A TV future without Joss?
So is this the end for Joss? There's one thing we know about our hero: He NEVER stops working, be it a movie rewrite or going off to direct a TV show.
After Dollhouse's cancellation, Whedon posted this on the Whedonesque Web site: "I'm off to pursue internet ventures/binge drinking. Possibly that relaxation thing I've read so much about. By the time the last episode airs, you'll know what my next project is. But for now there's a lot of work still to be done, and disappointment to bear."
Actually Whedon may not get to experience much of that "relaxation thing." According to E! Online, Whedon plans to direct an episode of Glee, and he has hopes to get a sequel to Dr. Horrible's Sing-Along Blog in the works if he can get actors Neil Patrick Harris and Nathan Fillion away from their popular Monday night shows (How I Met Your Mother and Castle).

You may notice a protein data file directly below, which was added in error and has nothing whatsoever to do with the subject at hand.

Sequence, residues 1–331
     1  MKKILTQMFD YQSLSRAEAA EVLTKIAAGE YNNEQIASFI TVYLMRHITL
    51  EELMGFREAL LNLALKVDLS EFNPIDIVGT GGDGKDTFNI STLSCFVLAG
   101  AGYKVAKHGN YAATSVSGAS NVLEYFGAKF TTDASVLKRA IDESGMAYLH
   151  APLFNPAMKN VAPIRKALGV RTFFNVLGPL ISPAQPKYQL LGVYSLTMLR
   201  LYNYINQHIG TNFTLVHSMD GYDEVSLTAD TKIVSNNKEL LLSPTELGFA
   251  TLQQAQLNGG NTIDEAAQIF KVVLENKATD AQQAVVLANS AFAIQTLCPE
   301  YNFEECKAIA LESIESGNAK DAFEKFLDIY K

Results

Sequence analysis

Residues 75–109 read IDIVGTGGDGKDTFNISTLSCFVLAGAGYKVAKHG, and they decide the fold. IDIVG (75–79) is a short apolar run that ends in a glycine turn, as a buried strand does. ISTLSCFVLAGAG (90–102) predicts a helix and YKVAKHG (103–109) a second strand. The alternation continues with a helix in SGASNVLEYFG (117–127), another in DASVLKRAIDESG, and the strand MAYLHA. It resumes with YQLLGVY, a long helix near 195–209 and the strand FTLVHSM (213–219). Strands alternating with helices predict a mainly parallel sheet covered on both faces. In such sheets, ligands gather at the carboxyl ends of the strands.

Beyond all things Dr. Horrible and Glee, "I do hope to create something in this calendar year, as well as do jobs for other people, but I haven't investigated anything besides Glee," Whedon wrote. "That'll actually take a chunk of time. It means a lot to me—I really want to get it right. So that'll eat up the better part of a month, intellectually, so I'm holding out for a Joss Whedon joint."
There's one other possibility we know of at this point. Whedon scheduled a lunch with FX president John Landgraf, which likely means he's pitching something. And the thought of Joss doing a show on FX, where the ratings will actually be big enough to make a network (albeit a cable network) happy ... ah, we're feeling giddy again.
Will it be fantasy or sci-fi or musical in nature? Might he take us back out into space or perhaps cook up another apocalypse? Could it be another series with strong female kick-ass characters? Will he bring back some of our favorite actors from the past?
What would you like to see? And will you be watching the farewell of Dollhouse tonight?